Vacationing in Maine taught me a lot of things, not the least of which is: “Always go to Maine on vacation in the summer.
Don’t ever try to go anywhere else. Ever.”
But it also taught me a few other things I didn’t know (or maybe just forgot) about the world outside New York, and also how incredibly stupid I look when beautiful birds are flying by and I have my face buried in my smartphone.
- For instance, I learned to my absolute horror, that I have not looked up at the Big Dipper in almost ten years. That is not even a joke. That is true, and that is sad, sad, sad. The Takeaway: Um, look up, sometimes? There’s this thing called “the sky”, and it’s quite lovely, have you seen this thing?
- I learned that I should probably go go on the internet and figure out what Poison Ivy looks like, and really seriously commit it to memory. It’s not good enough to vaguely remember something about shiny leaves, because then later, when you are picking wild blueberries by the side of the road, you will spend so much time avoiding plants with shiny leaves that you will help yourself to a monster dose of Poison Oak.
- I also learned that I should consider going on the internet and learning what Poison Oak looks like.
- I learned that the police in Maine will pull you over with their lights flashing and terrify you—but only because they saw little kids in the back of your car and they wanted to give them Junior Officer badges and cards with personal affirmations on them. When that happens, your icy heart melts into a sugary puddle, and you start earnestly perusing the Maine MLS instead of actually interacting with your family.
- You know those kicky pink neon shorts I bought at JCrew? They’re sort of nautical and cute, but in a grown-up way that says Yes, the 80’s are forever imprinted on my soul, and though I would not go back to that era for all the money in the world, I am not afraid to acknowledge that at the time, I truly loved the music of The Bangles.’ Yeah. Those shorts. Well, guess what I learned? I learned that those shorts will cast a love spell on all flying insect life, including but not limited to bees, wasps, deer flies, horse flies, lady bugs, butterflies, and other unidentifiable bitey things. That is correct, all of those creatures tried to mate with me and/or nest in the safety of my on-trend neon cotton gusset during my fitness hikes. Haha! Fun! The Takeaway: dressing like Blossom does not really work for me in any situation.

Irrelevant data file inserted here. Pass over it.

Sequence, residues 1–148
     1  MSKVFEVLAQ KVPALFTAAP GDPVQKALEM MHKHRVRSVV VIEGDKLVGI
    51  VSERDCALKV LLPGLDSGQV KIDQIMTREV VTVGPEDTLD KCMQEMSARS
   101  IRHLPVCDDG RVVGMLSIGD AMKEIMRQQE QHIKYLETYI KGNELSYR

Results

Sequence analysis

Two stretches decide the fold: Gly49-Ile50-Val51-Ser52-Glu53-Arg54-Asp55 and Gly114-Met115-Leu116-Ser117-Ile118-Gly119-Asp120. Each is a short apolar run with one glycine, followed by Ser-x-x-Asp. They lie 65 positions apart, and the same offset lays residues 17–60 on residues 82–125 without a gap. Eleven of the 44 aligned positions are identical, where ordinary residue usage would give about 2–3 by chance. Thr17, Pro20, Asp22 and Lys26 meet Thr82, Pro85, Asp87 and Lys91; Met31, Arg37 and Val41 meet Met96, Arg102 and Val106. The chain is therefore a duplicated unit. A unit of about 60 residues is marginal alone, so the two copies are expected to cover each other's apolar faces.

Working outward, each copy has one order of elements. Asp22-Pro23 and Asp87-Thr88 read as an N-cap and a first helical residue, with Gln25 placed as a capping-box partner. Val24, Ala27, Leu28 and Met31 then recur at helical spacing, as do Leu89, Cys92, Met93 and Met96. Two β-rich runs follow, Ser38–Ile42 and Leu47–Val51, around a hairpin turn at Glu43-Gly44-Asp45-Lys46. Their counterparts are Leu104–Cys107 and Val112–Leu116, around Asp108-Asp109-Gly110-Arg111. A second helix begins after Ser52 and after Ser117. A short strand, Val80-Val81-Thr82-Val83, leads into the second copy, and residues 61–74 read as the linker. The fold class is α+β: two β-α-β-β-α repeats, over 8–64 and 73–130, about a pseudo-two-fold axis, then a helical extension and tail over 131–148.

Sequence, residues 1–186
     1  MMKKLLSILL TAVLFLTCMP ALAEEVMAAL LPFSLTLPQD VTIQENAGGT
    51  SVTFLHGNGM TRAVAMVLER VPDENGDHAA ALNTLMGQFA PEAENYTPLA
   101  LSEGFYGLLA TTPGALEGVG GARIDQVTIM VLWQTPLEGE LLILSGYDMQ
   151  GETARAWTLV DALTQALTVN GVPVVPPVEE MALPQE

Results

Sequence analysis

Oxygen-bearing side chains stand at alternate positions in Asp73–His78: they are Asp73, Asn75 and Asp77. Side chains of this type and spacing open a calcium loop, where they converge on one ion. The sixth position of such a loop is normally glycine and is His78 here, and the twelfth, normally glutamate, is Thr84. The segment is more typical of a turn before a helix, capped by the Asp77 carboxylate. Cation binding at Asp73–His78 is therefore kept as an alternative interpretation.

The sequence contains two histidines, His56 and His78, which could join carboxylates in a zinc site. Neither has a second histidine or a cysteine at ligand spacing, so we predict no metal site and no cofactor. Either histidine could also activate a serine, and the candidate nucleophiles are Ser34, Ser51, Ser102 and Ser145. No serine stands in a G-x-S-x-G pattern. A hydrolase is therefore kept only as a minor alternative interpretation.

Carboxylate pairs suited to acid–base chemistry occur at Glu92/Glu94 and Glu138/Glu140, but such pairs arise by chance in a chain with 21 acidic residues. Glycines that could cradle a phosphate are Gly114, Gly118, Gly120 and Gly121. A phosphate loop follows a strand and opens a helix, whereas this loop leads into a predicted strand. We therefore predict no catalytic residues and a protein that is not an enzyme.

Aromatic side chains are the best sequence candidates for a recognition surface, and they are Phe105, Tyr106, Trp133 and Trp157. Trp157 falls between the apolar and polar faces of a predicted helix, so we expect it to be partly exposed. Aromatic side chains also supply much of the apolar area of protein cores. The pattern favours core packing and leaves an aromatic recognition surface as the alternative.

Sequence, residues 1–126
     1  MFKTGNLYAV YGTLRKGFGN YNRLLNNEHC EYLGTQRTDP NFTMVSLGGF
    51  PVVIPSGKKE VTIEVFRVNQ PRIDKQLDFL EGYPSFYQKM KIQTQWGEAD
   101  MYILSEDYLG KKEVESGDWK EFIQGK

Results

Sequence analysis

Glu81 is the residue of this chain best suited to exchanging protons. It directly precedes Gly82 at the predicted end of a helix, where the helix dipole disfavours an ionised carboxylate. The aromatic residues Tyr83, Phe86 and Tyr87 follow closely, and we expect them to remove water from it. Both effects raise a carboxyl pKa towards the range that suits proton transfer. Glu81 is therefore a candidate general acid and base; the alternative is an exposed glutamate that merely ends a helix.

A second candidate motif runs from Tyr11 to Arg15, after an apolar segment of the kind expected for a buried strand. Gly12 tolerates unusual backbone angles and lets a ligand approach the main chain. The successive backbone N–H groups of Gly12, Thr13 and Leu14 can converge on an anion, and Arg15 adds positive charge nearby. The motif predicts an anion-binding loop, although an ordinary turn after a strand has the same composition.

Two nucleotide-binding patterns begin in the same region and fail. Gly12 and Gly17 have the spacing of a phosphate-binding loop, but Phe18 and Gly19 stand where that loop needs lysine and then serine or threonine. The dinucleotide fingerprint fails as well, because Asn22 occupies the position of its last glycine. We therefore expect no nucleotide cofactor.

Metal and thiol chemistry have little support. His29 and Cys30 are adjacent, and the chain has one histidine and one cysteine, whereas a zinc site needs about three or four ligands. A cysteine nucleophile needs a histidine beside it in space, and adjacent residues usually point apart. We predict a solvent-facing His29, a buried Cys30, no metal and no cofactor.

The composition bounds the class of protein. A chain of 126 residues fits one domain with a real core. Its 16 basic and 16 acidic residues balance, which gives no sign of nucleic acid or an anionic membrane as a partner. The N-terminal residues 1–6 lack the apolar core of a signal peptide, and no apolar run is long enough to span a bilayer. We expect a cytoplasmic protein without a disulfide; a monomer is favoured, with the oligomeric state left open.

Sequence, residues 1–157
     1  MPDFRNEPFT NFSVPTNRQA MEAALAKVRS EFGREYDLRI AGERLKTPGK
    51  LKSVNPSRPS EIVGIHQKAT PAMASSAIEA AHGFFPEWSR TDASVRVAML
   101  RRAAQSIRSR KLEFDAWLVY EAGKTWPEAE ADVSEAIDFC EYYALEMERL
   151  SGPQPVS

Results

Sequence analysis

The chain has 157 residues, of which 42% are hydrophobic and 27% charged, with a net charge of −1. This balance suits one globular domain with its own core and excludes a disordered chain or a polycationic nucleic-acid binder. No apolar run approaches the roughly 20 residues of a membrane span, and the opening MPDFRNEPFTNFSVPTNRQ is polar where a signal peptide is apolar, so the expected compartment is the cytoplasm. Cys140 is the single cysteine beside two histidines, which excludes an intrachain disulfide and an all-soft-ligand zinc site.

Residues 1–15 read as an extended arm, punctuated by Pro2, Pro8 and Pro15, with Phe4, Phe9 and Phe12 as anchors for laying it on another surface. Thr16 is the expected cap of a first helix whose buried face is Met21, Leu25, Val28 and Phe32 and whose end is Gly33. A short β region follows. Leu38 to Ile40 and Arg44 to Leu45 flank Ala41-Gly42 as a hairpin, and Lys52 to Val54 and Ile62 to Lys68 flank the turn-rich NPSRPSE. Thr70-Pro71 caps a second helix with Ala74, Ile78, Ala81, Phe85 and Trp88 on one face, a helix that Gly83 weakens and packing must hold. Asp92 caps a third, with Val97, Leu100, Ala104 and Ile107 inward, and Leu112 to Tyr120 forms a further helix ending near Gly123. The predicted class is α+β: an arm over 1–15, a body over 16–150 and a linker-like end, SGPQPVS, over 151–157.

- I wish put to rest the notion that the journey is the destination. It isn’t. At least, not when you have tiny children. (Unless you live on a boat, I guess.) When you have little kids and you have to drive 8 hours in a minivan to get somewhere, here’s what the journey looks like: a highway conveyor belt consisting of a constant loop of Roy Rogers, Dunkin’ Donuts, and McDonald’s locations, and hot children in the backseat demanding more Scooby Doo’s in escalating vocal tones. If the journey is the destination at this stage of life, that’s only because the destination sucks. (Nobody even whisper to me about car bingo, because just in some children this causes car-sickness. This I also learned, and no, I don’t want to talk about it.)
- Eating a second slice of blueberry pie is always more important than swimsuit confidence.
- There is no limit to the double standards I will entertain. Why does it seem so adorable when tiny crabs scuttle over my feet in the ocean and take little pinches at my toes? If I was standing in a driveway and a bunch of cockroaches scuttled all over my feet and took tiny pinches at me, I would never stop throwing up. The Takeaway: I am really complex.
- The sea is a fickle mistress. Also, if I am on a boat on the ocean I will eat any salty snack you put in front of me—I literally can’t help myself. “Here, have some stale Corn-Nuts I fished out of the bottom of someone else’s purse, and a warm Tab”. Yes please. “Would you like to try this piece of baseball glove that we deep fried and rolled in Dorito crumbs?” Can’t wait. Oh, what’s that? “It’s a creature that was clinging to the side of our boat and then we hit it with a stick and put salt on it…want some?” Thanks, I’m starving.
- I learned that unplugging once in a while, for a week or two is the single greatest thing that I almost never do.
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